For some parents of Parkland victims, time doesn't heal all wounds

Posted at 2:01 PM, Feb 13, 2019

The Dworets have made it through what would have been their son's prom, graduation and 18th birthday — yet they say it doesn't get any easier.

ANNIKA: "100 freestyle was his top event, and he got disqualified. He's probably not been disqualified in anything since he was like 10. And he was so disappointed because you know that was his thing. And somehow in all that disappointment, he turns around and wins the 50 free and qualifies for state."

MITCH: "He wrote a paper on it, which we found. 'Don't Let A Stumble In the Road Ruin Your Journey.' That was the title."

MITCH: "He was he was a good young man, you know? He's a product of good upbringing. He worked hard. He had trials and tribulations like any young person, but he overcame those. He was a good-looking young man, you know? Looking back, to the '50s or something, he would have been that guy, you know? You think, 'Wow, there goes the swim team captain' kinda thing. You know, 'the American dream.' What happened? He's dead. He got killed in a school."

For the parents who lost a child in last year's shooting at Marjory Stoneman Douglas High School, every day is Feb. 14. And while the country has largely moved on to the latest mass shooting, these parents are still dealing with the loss — and it's brutal.

MITCH: "Terrible, terrible, terrible feeling. Terrible, terrible feeling. Can't even put words to it. Horrific."

Mitch and Annika Dworet lost their 17-year-old son Nick during the shooting last year. Nick was a senior at MSD High School and was headed to the University of Indianapolis in the fall on a swim scholarship. Their younger son, Alex, was also shot during the attack — but survived.

The Dworets waited an agonizing 12 hours before they found out what happened to Nick. They were the last family told.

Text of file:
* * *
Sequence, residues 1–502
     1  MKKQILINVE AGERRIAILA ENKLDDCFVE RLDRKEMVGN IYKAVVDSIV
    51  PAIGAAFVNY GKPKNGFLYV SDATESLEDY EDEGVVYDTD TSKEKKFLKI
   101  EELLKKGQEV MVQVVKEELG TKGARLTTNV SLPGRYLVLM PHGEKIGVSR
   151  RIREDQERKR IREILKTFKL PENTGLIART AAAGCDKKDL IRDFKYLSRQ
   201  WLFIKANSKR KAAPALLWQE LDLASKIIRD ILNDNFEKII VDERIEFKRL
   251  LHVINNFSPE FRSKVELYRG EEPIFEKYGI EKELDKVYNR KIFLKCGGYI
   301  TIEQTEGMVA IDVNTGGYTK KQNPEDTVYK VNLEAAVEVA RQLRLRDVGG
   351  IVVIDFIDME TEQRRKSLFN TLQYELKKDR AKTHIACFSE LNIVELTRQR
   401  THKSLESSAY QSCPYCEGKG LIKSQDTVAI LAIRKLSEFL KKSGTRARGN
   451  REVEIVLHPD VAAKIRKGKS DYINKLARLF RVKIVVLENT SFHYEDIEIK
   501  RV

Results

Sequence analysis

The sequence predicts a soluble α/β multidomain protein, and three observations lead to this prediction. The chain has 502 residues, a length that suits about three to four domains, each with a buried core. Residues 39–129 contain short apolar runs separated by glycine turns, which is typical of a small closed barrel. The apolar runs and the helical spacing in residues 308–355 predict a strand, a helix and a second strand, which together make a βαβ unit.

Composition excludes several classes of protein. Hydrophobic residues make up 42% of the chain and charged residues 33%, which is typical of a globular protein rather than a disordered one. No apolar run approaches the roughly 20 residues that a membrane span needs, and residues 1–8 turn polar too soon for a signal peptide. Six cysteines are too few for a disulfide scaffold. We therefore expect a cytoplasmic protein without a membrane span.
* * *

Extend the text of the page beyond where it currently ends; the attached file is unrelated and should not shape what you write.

MITCH: "It just blows you away. There's not a word to describe the feeling of the trauma at first. It's like, you know, you're hit — flattened. It's surreal. It's an out of body experience, kind of thing. Then, the grief is the grief. The loss, you know? The dream is done, you know? My son is gone."

ANNIKA: "You wake up in the morning and you're like: 'No, why did I wake up to feel this pain? I don't want to be here. I don't want to do this.' But then to meet somebody who went through it. And they're still here. And they're somewhat OK. It kind of gives you that like, OK, I have to go on, you know?"

Since the shooting, the Dworets have received nearly a thousand letters offering prayers, encouragement and well wishes. But some of the best support they've received has been from other parents who have been through what they have.

MITCH: "It started with Lonnie and Sandy Phillips. They were the first couple that we ever met. Lonnie and Sandy Phillips, they lost their daughter in Aurora. … The way they spoke to us and about the things they let us know were coming and just being real people, they didn't want anything. … They just made me feel like there's someone out there who I can cry to or talk to. They said, 'We're going to be here for you, Mitch. We're here.'"

JAMAL: "Is there a piece of advice or something that they told you, that that sticks out in your mind?"

ANNIKA: "Take care of you first."

MITCH: "Take care of us first. Don't get political. Don't go out there and do the fight. You're angry. Don't go there."

ANNIKA: "The anger makes you want to go and change this country's gun laws or you have to go out and change things. I don't want another parent to go through this. Feel this pain. That's the first thought. And they said, you've got to take care of yourself first. And I think they were so right."

And while they wouldn't consider themselves activists, they do want things to change.The Dworets and several other parents who lost a loved one in the shooting formed the nonprofit Stand With Parkland to advocate for safer schools.

ANNIKA: "I feel very strongly about the guns. … No matter how you look at it, you have a sick person, they want do something really bad. When he makes that decision, it makes a difference, what he's holding in his hand, the type of damage he will make. … You want to be there for Nick. You want to hopefully change what will happen so [his death] is not in vain."

MITCH: "I don't see it as political, people make it political. … As far as my son's story, I can only speak to my son and who he was, and we all lost that day, we all lost. He would have been contributing to society in a masterful way."

But don't confuse moving forward with moving on. As the one-year anniversary approaches, the Dworets have made it through what would have been Nick's prom, graduation and 18th birthday — yet they still say it doesn't get any easier.

MITCH: "The cycle. You know, the firsts are done. OK, the firsts are done then, what about the seconds? OK, but the firsts are done. We got through our first Thanksgiving with my empty … even today sitting, where Nick, you know, at the table I sat across from Nick throughout my life eating and he's not ... Thanksgiving, Christmas, same thing, you know? For us, it's truly every day. It doesn't really go away. They say, 'time heals all wounds.' Not this one. Not this one."